If you’ve signed up for a broadband internet provider anytime in the recent past you’ll probably have received a wireless router as part of the package. In fact there’s a good chance you’ve gone through several providers and amassed a collection of routers over the years.
Wi-Fi routers were once an expensive gadget but they’re now so commonplace that it’s not worth the effort to sell them and chucking out working electronics is wasteful. So what to do?
Here are three ideas for useful things you can do with an old wireless router.
Extend the range of your wireless network
As useful as Wi-Fi can be there are factors beyond your control which can severely restrict its performance. The materials used in a building can affect signal strength, neighbour’s routers can interfere or perhaps the signal is just not strong enough to cover all your property.
But these issues can be easily solved with an old wireless router. All we have to do is link it to the network and have it send out another wireless signal to extend the coverage, turning the router into a wireless access point (AP).
First prepare the old router by connecting it to a computer with a network cable and logging into the administrator options. Login procedures vary between models, so if you’re not sure how to do this check the documentation or search online for instructions.
In the router setup screen you need to disable ‘DHCP’ and configure the wireless network with a name and password. Ideally set the wireless network on the second router to match your existing Wi-Fi connection – using the same name (SSID), password and security settings – so devices should seamlessly switch to whichever has the stronger signal. However if you have any issues with compatibility try a different name and connect manually to whichever has the better coverage at the time.
These settings should be fairly obvious, but again if it’s not clear consult the manual or check the manufacturer’s support pages.
You’ll also need a way to connect the router to your existing network using a wired connection. You can do this with a network cable if it’s not too far away (having cable strewn about your home negates the point of Wi-Fi after all) but a much neater solution is to use a powerline network kit. These devices plug into an electrical socket and use power circuits to transmit data.
Simply place one plug by your main broadband router, and another in the second router’s location. Connect both to their nearby powerline adapters with a short network cable. The secondary router must be connected via a switch port, which are usually labelled with numbers, and not the ‘WAN’ socket.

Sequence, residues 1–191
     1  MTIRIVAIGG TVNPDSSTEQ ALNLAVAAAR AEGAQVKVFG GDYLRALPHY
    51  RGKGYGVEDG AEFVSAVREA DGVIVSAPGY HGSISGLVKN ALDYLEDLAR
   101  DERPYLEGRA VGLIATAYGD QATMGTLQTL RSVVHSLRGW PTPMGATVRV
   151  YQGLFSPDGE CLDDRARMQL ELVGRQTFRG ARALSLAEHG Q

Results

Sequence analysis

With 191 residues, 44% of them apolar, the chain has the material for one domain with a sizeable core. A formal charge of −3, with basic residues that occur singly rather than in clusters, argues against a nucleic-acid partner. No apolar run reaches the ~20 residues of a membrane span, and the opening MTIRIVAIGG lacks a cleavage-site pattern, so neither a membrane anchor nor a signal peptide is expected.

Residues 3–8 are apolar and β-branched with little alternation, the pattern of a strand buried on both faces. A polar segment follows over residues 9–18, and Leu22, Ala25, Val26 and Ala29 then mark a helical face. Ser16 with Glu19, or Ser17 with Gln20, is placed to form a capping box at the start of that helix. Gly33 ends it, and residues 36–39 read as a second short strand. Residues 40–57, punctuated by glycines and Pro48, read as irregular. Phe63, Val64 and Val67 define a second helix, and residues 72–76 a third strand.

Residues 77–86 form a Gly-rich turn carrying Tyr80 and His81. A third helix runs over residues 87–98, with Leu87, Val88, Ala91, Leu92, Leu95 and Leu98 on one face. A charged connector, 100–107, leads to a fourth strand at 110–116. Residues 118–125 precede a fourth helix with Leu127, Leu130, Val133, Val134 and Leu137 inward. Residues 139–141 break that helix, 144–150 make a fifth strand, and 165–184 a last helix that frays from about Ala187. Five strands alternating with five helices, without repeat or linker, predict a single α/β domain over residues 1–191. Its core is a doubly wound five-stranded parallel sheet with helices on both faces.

Use an old router as a network switch
Wireless routers include switch ports on the rear which can be used to connect wired network devices such as games consoles and printers. However with most routers only providing four ports it’s easy to run out of space.
An old wireless router can be turned into a network switch so you can add further peripherals. The configuration is similar to using it as a wireless network extender – disable DHCP via the settings. It doesn’t require wireless though, so you can turn that off too. Then just connect the routers with a short bit of network cable (switch port to switch port) and you’ve added a few extra slots for little or nothing.
Powerline networking kits are also useful here if you want to place the hub in another room, which can be helpful if you’ve got a media centre PC or games consoles in the living room away from the broadband router and don’t want to buy a separate switch box or expensive powerline switch kit.
Take the pressure off 802.11n routers
Wi-Fi has a number of different standards which offer increased speed and more features as you get to the later versions of the technology. While not the very latest edition, 802.11n is the most recent wireless standard to achieve widespread adoption. Any router from the last few years will support 802.11n as will smartphones and other new hardware.
Routers offer backwards compatibility for older standards so you can continue to use 802.11b and 802.11g hardware, however with some models this can impact network performance as it slows down the rest of the network. To get the best from your wireless you can use an old router just to handle the older devices.
Follow the steps above for turning the router into a wireless AP, making sure it’s set to handle 802.11b/g. If you leave it only on one or the other some devices may not be able to connect.
To make it easier to manage you may want to change the network SSID so it’s clear that it’s only for 802.11b & g. Since we’re not worried about extending coverage for this purpose you don’t have to place it away from the main router (but can do so if you wish, of course). After that, set your main router to use 802.11n only. This option can be found in the wireless network settings within the router admin/configuration tool.
For advanced users
Advanced users wanting to experiment further should take a look at DD-WRT, an open source firmware replacement compatible with many routers. It adds heaps of new features, like the ability to use a router as a wireless bridge to easily connect two networks over a Wi-Fi link.
DD-WRT is very powerful but recommended for more experienced tinkerers. If you’d like to find out more check the compatibility list to see if your router is supported.
Guest post by Rob Clymo who writes for the consumer and comparison website Broadband Genie for offers such as BT infinity broadband deals other best choices from the top UK broadband providers.